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Mesial temporal lobe epilepsy: Large-scale changes of network oscillations?

Mesial temporal lobe epilepsy (MTLE) is the most common form of focal epilepsies in adults and frequently resistant to anti-epileptic medication. It is characterized by recurrent seizures, pathological restructuring of the hippocampal formation and is often accompanied by cognitive deficits, in particular by impairments of spatial navigation and memory. Changes in a certain type of oscillatory network activity are being discussed as a possible cause of these memory deficits, which in turn were seen in connection with structural changes in the hippocampus. New studies by PhD student Antje Kilias and co-workers from the Bernstein Center Freiburg, the Dept. of Microsystems Engineering, University of Freiburg and the Freiburg University Medical Center, however, suggest other conclusions.

Mesial temporal lobe epilepsy: Large-scale changes of network oscillations?

Epileptic animals (gray line) show a reduced theta frequency when running at the same speed as control animals (white line).

In rodent MTLE models, memory deficits are associated with changes of a particular type of oscillatory network activity, the theta rhythm (5 – 12 Hz). Since in healthy humans and rodents theta oscillations are tightly coupled to navigation and spatial memory, impairments of these oscillations have been proposed as a potential cause for memory deficits in MTLE. At the same time, memory deficits have been correlated with cell loss and reorganization in the hippocampus.



Structural changes, however, are typically stronger in one of the two hippocampi and vary along the extent of the hippocampus. This raised the question whether the hippocampal damage actually causes the changes in theta rhythm and whether the degree of change depends on the severity of the restructuring.



To investigate this, Antje Kilias and colleagues used an MTLE mouse model that reproduces focal hippocampal sclerosis. Although the network structure suffers only local damage, the frequency of the theta rhythm was dramatically decreased throughout the hippocampal formation of these mice. This frequency reduction was independent of the rate of epileptic activity or the extent of tissue reorganization.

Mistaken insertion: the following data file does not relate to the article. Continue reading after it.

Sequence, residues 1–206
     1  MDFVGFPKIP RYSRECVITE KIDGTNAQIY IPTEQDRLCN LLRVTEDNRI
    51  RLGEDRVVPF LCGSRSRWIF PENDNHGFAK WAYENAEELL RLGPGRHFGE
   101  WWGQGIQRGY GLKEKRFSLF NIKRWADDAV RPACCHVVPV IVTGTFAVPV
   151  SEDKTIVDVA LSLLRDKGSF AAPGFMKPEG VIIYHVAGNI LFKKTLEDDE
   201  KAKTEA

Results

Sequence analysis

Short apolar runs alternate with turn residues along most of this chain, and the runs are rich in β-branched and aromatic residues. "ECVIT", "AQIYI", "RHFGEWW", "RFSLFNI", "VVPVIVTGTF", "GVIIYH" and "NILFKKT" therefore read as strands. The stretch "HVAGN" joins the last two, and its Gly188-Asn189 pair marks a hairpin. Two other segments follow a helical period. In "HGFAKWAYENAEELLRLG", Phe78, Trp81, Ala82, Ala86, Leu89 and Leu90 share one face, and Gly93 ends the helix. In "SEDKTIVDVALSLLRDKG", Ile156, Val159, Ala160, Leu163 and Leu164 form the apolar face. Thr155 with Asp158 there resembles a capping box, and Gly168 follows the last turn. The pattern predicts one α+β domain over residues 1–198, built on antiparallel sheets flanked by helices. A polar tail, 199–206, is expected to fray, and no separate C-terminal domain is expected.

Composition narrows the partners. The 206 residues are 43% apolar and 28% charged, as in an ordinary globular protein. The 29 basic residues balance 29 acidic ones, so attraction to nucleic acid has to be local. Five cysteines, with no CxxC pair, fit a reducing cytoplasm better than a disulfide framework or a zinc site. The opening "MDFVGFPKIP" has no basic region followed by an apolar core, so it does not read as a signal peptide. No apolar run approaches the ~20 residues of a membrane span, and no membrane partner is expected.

This indicates that the slow-down of the theta rhythm more likely arises from epilepsy-associated changes in other brain structures involved in theta generation. Irrespective of the origin of the theta slowdown, this dramatic decrease in frequency has the potential to account for cognitive and memory deficits. The findings of Antje Kilias and her co-workers have now been published in “Hippocampus”.



Original publication

Kilias, A.; Haeussler, U.; Heining, K.; Froriep, U.; Haas, C. & Egert, U. (2018) Theta frequency decreases throughout the hippocampal formation in a focal epilepsy model. Hippocampus; [Epub ahead of print] [DOI]



Contact

Antje Kilias

Bernstein Center Freiburg

University of Freiburg

Hansastr. 9a

79104 Freiburg

and 

University of Freiburg

Biomicrotechnology, Dept. of Microsystems Engineering

Faculty of Engineering

Georges-Köhler-Allee 102

79110 Freiburg

Tel.: +49 (0)761 203 7523

E-mail: kilias@bcf.uni-freiburg.de

 

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